Once a hard drive containing the film is physically delivered to a cinema, the film is downloaded to the cinema’s server – which can take anything from a few minutes to 8 hours or so, depending on what else the server is doing at the time. The KDM (Key Delivery Message) that has been created as part of the DCP has a UID (Unique Identification Number – Don’t you love all those acronyms?) – and a server number, and even a projector serial number. What’s more, the KDM contains instructions restricting the days and hours when a film can be played, which can be set from as little as 2 hours for a preview screening up to 3 months or more for a regular season. One hard drive can be used to supply a number of projectors within a complex, though each requires its own individual KDM; this allows a film to be moved around the auditoria within a cinema complex. Equally, a single hard drive can ingest a film into a number of different venues in turn, but again each venue will require a unique KDM to “unlock” the film for screening. KDMs are normally emailed to the exhibitor 2-3 days before the day they become operable.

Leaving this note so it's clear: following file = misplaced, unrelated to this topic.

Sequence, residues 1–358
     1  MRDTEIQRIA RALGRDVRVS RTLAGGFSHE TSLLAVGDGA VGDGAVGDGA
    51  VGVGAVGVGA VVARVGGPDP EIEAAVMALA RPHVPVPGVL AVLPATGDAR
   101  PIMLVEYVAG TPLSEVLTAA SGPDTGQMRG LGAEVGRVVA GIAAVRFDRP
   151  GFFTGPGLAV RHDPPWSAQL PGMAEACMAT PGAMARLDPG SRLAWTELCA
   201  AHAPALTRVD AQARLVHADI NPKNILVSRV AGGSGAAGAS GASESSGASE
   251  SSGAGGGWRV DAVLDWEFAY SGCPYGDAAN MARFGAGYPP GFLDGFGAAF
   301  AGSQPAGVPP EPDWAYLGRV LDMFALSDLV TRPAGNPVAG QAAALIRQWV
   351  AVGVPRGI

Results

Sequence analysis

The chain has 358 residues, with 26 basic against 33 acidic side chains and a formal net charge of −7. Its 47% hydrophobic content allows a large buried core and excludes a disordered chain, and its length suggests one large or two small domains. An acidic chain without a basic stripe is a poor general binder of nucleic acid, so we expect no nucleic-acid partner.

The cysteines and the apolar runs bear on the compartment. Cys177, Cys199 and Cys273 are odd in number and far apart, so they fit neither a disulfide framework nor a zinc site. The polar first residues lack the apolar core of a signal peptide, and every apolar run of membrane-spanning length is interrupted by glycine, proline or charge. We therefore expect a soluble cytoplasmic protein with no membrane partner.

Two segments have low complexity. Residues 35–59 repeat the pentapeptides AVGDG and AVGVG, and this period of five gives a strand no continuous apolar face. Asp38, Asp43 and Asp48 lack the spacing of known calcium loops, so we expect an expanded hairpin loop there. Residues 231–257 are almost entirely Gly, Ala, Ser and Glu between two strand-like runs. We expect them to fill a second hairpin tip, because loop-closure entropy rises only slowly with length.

The big bonus in this system is the huge hit it makes against piracy. A DVD can be played and copied anywhere, while a DCP’s encryption makes piracy almost impossible, since every hard drive is individually coded and needs the KDM key to unlock the file. Of course, an exhibitor could play an unencrypted file, but for the distributor that makes no sense. This all means that if there is no contract between the exhibitor and the distributor, there is no screening; a distributor can hold back the generation of the KDM if they choose – the power is back in the hands of the distributor!

There are some considerable advantages beyond cheapness when compared with 35mm – not least being the greater compatibility with digital image acquisition. There’s also the elimination of the need for things like emulsion tests, digital being less prone to damage, and the absence of generation quality loss. There are other considerations to be taken into account in commissioning a DCP: